7 Ways to Fake the Look of a Custom Finish for Less, According to Designers

published Jan 21, 2021
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Room designed by Leanne Ford for Portola Paints

Let’s face it: For as gorgeous as beautiful custom decor and finishes can be in a room, they often come with a hefty price tag. Fortunately, interior designers say you can fake the look of certain finishes and materials without breaking the bank or even calling a contractor. If it sounds too good to be true, it’s not. From peel-and-stick wood panels to antique-inspired furniture stains and more, these seven designer-approved faux finishes can be DIYed at home to give you the custom look for less. 

Credit: Bo Dabi

Use removable panels that add character to walls

When you can’t afford to install pricey wood panels on the walls of your home, interior designer Emma Beryl says Stikwood Peel+Stik Planks, which are backed with strong but temporary adhesive stickers, are the next best thing. “These peel-and-stick wood panels infuse texture and soul into a space,” she says. “It’s real wood, so it lends the same warm feeling as reclaimed wood planking but for a fraction of the cost in both materials and labor.  It’s also less permanent, making it a great option if you’re in a rental!” If you’re really trying to stretch your dollars, try an accent wall at the end of a hallway or in a bedroom behind the headboard.

Give furniture an antique-inspired finish

To upgrade a lackluster side table with the illusion of a weathered patina, designer Isabel Ladd of Isabel Ladd Interiors recommends giving it a faux finish with an umber-colored glaze or stain. “When working on a recent project, I inherited an existing bedside table that needed some new life,” she says. “I had the table sanded down and rubbed with umber to create an antique finish. It’s an easy and an inexpensive way to make a new piece of furniture look old.” You can also try chalk paint and wax for the timeworn look, too.

Credit: Life Created

Consider stone-patterned wallpaper or stencils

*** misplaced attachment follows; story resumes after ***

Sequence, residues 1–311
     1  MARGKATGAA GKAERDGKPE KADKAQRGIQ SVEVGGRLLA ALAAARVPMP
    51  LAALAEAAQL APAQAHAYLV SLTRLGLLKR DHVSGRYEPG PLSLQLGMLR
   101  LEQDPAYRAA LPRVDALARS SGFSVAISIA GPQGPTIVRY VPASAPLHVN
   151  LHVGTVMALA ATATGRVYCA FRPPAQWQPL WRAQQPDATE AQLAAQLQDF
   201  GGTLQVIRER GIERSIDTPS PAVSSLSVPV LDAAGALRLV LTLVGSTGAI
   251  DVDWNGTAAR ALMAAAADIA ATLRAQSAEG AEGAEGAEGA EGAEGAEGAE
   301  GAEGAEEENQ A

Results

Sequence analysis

To infuse your home with some pre-war charm without making any major renovations, Lauren Lerner, principal designer and founder of Living with Lolo, recommends applying stone-inspired wallpaper. “We love the high-end look that is created by installing patterned wallpaper to your space,” she explains. “If installing wallpaper is not in your budget, try DIYing the look of wallpaper using a homemade stencil in a graphic pattern and bold paint on the wall.” The great thing about a project like this is that you can get creative with what “stone” means to you, whether that’s graphic but uniform pebbly shapes as seen above or a more abstract, cross-sectional quartz motif that spans a full wall as a mural.

Expose the brick under your walls

The brickwork under the drywall or plaster walls of your home is brimming with design potential; it just takes a little elbow grease to find it and some TLC to play it up. “We had a project in an old factory that was converted into lofts, and the building’s exterior walls were brick with a layer of plaster,” explains designers Penny Francis and Casi St. Julian of Eclectic Home. “To create a naturally distressed look on the walls of the bedroom, we chipped away at the plaster randomly, to expose the bricks and added layers of glaze and paint to the plaster.” 

If you can’t do any excavating, you can also find fairly convincing “brick” temporary wallpaper and paneling designs. Instead of trying to replicate the natural variations in red brick, your best bet with installing these kinds of products is embracing the painted brick look to add a subtle touch of texture to your walls.

Use limewash paint to patina a wall

If you love the look of old school plaster walls, designer Carneil Griffin of Griffin Direction Interiors says you can use limewash paint to score a similar look for a fraction of the price. “If you’re bored with your flat drywall, limewash paint can create the illusion of a weathered patina that doesn’t look forced,” he explains. “Portola’s line of lime wash paints, for example, are made with a lime-based finish, so the color naturally softens and changes over time like the real deal.”

Try tile-style removable wallpaper

When you can’t afford a pricey tiled backsplash or accent wall, designer Tracy H. Gould of LT Design Studios says removable tile-patterned wallpaper can achieve a comparable effect for much less moolah. “In a recent project with a limited budget, we used Spoonflower’s prepasted removable wallpaper to create an amazing bold statement in our client’s living room,” she says. “This DIY project not only added a splash of color to the room, but it was simple enough for the client to be able to install it herself!”

Apply paper accents to a wall for a 3D effect

To bring depth and dimension to the walls of a kid’s room without spending a small fortune, Ladd suggests adding 3D paper flowers, such as these accents at Amazon, to the space. “Paper flowers are decorative, playful, and add tactility to a space,” she explains. “You can use them to create something very special for a modest cost.”